Sunday, January 16, 2011

Seperated at Birth

Recently, I was watching that great Bette Davis and Miriam Hopkins film, Old Acquaintance (1943) and I was shocked to see an Ann Sheridan doppelganger in the role of Deirdre Drake. Well, of course, it wasn't Sheridan. It was a Dolores Moran.

Moran had a short and mostly undistinguished career as a Warner's contract player. She had credited appearences in nine film between 1943 and 1954. In fact, she had the second female lead in the first classic film I ever saw (at age 11 on the old AMC channel in 1994) - Count the Hours (1953) starring Teresa Wright and Macdonald Carey.

Dolores Moran Ann Sheridan

Moran, in Old Acquaintance, is pretty good. It's a role that does not require too much depth of emotion or technique. She handles her scenes with Davis especially well. She holds her own which is a compliment because Davis gives a very realistic and undated performance. But, like so many other pretty and moderatley talented young women she dissapeared from the screen. After all, if Warner's wanted a blonde Ann Sheridan, they would just dye Sheridan's hair.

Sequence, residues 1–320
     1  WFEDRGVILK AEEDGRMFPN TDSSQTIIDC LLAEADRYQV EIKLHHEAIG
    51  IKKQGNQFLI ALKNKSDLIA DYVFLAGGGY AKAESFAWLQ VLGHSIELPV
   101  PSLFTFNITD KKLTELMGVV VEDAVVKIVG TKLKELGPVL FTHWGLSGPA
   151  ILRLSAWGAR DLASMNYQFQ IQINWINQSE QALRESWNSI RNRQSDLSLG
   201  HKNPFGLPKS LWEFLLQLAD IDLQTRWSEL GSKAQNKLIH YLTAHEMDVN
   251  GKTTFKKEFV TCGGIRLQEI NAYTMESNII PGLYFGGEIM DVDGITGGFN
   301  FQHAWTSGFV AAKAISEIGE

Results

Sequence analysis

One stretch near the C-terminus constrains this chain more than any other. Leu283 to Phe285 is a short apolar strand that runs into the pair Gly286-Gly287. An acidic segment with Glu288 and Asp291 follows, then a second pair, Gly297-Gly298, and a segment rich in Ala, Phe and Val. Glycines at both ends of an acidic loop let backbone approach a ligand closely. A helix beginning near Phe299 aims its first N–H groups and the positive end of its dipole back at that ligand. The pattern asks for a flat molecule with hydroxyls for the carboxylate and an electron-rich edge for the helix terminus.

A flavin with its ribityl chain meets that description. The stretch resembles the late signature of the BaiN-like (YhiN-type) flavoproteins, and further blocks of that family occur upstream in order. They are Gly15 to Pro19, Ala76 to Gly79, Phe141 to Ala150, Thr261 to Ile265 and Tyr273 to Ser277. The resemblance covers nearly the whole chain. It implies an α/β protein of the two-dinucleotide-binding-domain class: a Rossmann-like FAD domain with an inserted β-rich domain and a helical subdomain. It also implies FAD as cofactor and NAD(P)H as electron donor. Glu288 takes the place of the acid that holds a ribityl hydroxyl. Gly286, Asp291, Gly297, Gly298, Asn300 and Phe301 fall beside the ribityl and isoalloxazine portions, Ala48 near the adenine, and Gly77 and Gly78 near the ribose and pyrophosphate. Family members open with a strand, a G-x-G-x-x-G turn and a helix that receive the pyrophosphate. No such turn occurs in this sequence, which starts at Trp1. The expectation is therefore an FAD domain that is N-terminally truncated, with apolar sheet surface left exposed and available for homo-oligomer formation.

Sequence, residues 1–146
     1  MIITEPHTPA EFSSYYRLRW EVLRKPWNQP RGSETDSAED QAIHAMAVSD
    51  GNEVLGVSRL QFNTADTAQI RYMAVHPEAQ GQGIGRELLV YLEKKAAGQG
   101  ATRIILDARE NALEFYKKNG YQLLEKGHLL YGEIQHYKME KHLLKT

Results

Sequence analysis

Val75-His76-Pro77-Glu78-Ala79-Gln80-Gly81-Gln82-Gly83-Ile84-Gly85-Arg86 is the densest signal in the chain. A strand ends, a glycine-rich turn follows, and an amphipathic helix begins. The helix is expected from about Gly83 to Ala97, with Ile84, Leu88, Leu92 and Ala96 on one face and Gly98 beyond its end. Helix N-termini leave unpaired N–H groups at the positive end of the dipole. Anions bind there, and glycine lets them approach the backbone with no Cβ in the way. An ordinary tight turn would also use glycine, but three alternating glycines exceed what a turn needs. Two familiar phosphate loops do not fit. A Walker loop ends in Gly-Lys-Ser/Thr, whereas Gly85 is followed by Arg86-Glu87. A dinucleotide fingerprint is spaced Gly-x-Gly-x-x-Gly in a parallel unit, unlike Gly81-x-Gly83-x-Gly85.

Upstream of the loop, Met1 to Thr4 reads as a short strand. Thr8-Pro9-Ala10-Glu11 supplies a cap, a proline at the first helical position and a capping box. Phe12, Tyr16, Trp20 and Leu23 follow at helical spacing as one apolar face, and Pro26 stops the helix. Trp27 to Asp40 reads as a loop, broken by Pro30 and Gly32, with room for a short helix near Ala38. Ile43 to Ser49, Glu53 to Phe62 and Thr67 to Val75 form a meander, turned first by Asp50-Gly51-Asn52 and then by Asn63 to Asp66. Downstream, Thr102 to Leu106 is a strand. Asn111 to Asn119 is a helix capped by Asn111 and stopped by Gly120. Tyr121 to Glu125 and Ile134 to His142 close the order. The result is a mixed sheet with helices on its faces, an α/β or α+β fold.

But, lest you were worried, she did not meet a tragic end a la Gail Russell (a cautionary tale of Hollywood if there ever was one). She made a good marriage and settled into wife and motherhood dying in 1982 from cancer.

PS - Old Acquaintance was directed by Vincent Sherman who appears on the commentary for the film. I own several films directed by Sherman and on each that include his commentary he admits to making love with his leading lady. His descriptions of how his relationships with Davis and Joan Crawford come about are hilarious. True stories? Who knows. . .

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